The guiding legacy of Te Whakarewarewa Geothermal Valley continues to this day… Nau mai, haere mai.
Based in Rotorua, the New Zealand Māori Arts and Crafts Institute (NZMACI) is the home of the national schools of carving (including pounamu and bone) and weaving.
The New Zealand Māori Arts and Crafts Institute (1963) sets out the Institute as a legal entity, as well as defining its functions to preserve, promote and perpetuate Māori arts and crafts. It is this legislation that governs the day-to-day activities of both NZMACI and Te Puia.
As a recipient and guardian of a strong nationally focused cultural legacy, NZMACI has been able to position itself at the forefront of Māori cultural representation, locally, nationally and internationally. The Act reinforces this foundation and is unique internationally in its explicit recognition of the rights of indigenous peoples to the preservation and practice of their traditional arts, crafts and culture.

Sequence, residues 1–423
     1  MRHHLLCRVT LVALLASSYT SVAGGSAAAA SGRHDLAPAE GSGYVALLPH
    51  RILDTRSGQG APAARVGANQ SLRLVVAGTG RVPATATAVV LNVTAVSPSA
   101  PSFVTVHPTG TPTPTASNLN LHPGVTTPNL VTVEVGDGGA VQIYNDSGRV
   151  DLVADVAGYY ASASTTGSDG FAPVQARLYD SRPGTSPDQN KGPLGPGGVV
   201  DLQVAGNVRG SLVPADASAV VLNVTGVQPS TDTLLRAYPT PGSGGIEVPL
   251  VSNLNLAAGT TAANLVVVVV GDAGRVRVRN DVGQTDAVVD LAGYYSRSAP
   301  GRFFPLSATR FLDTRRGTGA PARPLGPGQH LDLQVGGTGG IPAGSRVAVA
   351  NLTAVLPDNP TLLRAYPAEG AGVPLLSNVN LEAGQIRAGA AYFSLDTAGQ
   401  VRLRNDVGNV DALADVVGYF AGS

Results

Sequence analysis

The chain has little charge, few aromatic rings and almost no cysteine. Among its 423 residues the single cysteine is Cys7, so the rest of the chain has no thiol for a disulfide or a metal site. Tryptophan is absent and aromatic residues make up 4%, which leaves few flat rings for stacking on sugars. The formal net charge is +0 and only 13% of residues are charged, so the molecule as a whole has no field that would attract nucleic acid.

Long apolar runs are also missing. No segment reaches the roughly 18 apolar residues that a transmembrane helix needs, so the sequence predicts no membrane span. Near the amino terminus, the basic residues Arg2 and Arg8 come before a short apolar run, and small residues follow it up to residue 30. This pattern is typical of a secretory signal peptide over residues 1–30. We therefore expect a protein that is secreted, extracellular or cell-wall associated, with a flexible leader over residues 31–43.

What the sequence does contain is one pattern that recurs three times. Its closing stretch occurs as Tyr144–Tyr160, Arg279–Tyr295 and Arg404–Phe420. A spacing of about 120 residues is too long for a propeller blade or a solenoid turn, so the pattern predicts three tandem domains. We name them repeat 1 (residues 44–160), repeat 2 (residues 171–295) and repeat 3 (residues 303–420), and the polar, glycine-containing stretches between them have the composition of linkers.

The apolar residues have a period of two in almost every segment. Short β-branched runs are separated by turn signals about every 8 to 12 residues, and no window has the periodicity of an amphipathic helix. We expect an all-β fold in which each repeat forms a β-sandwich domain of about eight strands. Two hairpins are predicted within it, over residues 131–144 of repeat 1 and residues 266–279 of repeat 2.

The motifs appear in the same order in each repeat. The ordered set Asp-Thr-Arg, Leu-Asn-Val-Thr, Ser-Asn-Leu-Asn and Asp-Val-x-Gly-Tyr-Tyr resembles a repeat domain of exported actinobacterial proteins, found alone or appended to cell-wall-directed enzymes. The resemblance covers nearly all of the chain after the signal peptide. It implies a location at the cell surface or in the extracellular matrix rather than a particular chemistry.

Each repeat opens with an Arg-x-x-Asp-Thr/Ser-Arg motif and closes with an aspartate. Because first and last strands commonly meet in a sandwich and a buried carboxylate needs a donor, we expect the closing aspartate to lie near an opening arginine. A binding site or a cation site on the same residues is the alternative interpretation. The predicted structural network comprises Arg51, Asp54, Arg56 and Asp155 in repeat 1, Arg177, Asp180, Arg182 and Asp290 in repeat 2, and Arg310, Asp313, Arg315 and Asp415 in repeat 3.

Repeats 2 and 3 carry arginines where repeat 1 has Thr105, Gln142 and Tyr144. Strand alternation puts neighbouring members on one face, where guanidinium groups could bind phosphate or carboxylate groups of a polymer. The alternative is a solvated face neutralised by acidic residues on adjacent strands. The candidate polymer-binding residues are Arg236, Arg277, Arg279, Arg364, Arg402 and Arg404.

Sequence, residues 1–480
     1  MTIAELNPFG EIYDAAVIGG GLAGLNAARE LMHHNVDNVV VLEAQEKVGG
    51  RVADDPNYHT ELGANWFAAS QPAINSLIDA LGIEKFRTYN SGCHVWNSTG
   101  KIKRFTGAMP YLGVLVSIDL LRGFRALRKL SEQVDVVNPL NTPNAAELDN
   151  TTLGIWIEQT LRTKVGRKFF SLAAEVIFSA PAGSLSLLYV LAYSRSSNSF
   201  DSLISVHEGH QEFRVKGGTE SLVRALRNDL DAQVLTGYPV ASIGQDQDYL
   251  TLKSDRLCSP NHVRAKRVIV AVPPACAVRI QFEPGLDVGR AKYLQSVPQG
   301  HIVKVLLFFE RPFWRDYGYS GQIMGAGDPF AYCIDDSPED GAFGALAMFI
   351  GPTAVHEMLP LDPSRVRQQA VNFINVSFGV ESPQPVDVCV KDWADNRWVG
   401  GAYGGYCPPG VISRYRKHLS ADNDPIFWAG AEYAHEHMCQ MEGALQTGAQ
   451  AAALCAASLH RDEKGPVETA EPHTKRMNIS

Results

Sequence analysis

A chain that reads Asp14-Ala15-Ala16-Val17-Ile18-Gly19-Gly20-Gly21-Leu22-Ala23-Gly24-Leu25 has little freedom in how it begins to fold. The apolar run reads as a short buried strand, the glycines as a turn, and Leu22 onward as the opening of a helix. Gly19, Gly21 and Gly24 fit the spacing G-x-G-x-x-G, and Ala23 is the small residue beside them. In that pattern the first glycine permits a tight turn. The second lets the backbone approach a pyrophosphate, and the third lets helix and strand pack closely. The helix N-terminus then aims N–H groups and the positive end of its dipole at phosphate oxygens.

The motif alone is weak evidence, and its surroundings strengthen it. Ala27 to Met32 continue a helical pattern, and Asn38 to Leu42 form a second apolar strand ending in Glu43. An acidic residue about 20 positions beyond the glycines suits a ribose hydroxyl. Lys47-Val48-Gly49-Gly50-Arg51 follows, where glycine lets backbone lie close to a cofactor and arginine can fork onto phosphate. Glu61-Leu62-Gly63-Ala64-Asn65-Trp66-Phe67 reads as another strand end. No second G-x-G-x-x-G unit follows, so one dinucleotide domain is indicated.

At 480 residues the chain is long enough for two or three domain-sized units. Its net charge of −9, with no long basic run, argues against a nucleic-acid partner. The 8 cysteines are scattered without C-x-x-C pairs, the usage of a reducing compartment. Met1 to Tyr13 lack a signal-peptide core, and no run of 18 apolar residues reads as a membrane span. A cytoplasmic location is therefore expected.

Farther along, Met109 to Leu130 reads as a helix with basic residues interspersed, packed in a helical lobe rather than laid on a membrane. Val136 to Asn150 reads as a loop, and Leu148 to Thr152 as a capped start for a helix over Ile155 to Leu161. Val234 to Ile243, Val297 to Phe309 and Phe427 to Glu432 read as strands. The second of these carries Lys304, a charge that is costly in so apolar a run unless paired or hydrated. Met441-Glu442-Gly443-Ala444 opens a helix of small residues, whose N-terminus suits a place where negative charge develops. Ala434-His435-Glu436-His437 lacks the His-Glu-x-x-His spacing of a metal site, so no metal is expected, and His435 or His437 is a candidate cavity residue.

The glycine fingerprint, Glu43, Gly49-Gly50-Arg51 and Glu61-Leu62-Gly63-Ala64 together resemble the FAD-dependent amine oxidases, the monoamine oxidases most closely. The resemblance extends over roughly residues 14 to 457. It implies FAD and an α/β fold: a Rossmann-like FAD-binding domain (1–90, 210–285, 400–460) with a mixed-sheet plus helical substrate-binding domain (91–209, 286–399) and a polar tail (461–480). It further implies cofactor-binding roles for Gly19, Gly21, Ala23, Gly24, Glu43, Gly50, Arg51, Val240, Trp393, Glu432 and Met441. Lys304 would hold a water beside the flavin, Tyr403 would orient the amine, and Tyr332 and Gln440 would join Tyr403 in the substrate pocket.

The New Zealand Māori Arts and Crafts Institute Act (1963) identifies seven functions of the Institute:
a) To encourage, foster and promote all types of Māori culture and practice and appreciation of Māori arts and crafts.
b) To train Māori in the practice of Māori arts and crafts.
c) To provide demonstrations or exhibitions of Māori arts and crafts and suitable premises for any such demonstrations or exhibitions.
d) To arrange and conduct exhibitions of Māori arts and crafts and tours of performers demonstrating Māori arts and aspects of Māori culture.
e) Develop and maintain areas in the Rotorua district or elsewhere as scenic or tourism attractions
f) To foster and maintain public interest in Māori culture and Māori arts and crafts.
g) To assist in the preservation of Māori culture and Māori arts and crafts.